(Reuters) – The European Central Bank’s Governing Council on Wednesday may nudge up the amount of Emergency Liquidity Assistance teetering Greek banks can borrow, as Athens struggles to avert a potentially catastrophic funding crunch.
Greece wants the ECB to increase the liquidity lifeline and also allow its banks to buy more short-term treasury bills, easing a squeeze that has already led it to commandeer cash reserves from municipalities and other government bodies.
People with knowledge of ECB deliberations predict the governing council will agree to a further extension of emergency liquidity, but many are doubtful it will do much more.
Such an outcome would keep Greece’s banking system afloat but do little more to help the government cover some 950 million euros ($1.07 billion) it must pay the International Monetary Fund by May 12.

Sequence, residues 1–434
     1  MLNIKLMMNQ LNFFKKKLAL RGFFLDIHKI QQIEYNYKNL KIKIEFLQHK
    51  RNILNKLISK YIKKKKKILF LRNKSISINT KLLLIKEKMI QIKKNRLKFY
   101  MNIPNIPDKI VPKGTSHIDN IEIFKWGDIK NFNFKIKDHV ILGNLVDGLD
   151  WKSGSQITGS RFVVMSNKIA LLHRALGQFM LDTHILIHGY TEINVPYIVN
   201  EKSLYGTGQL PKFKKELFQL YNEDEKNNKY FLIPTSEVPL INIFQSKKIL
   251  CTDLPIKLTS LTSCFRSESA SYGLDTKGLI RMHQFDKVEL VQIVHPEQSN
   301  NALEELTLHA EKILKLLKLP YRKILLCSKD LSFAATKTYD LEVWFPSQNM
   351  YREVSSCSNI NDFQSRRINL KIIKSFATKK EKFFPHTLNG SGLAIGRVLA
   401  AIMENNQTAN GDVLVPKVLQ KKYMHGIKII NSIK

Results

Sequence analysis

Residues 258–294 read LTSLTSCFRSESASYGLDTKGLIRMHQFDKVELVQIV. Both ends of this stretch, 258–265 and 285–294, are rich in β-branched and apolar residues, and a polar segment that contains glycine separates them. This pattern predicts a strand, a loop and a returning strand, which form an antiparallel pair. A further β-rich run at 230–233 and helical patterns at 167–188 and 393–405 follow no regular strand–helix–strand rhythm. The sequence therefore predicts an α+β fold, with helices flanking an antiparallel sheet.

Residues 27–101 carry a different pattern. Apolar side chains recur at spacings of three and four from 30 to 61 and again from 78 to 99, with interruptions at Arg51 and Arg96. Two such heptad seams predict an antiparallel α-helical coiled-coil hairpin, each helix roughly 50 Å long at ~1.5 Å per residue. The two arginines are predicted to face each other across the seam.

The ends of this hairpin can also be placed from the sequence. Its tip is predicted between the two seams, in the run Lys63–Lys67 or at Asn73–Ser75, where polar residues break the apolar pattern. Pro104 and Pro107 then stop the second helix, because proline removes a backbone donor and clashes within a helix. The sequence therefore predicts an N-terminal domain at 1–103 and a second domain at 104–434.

On Wednesday, Athens sells 875 million euros of six-month Treasury bills to refinance a maturing issue and a 200 million euro repayment to the IMF.
A Greek official familiar with the matter told Reuters that Athens has now made that IMF payment.
But cash-strapped Athens is quickly running out of money while it tries to persuade its euro zone partners and the IMF that it is implementing enough reforms for them to release the more money under its bailout agreement.
On May 12 Greece must pay a further 750 million euros to the IMF, which is expected to be a bigger struggle.
One problem for Greece is the ECB’s 3.5 billion euro limit on the amount of short-term T-bills that Greek banks can offer it in return for emergency funding.
As these banks are the only major buyers for such government debt, the cap effectively stops Athens from borrowing more.
But increasing the cap would hit a number of hurdles, not least legal objections from Germany’s Bundesbank, which argues that it breaks the rule that central banks should not finance governments.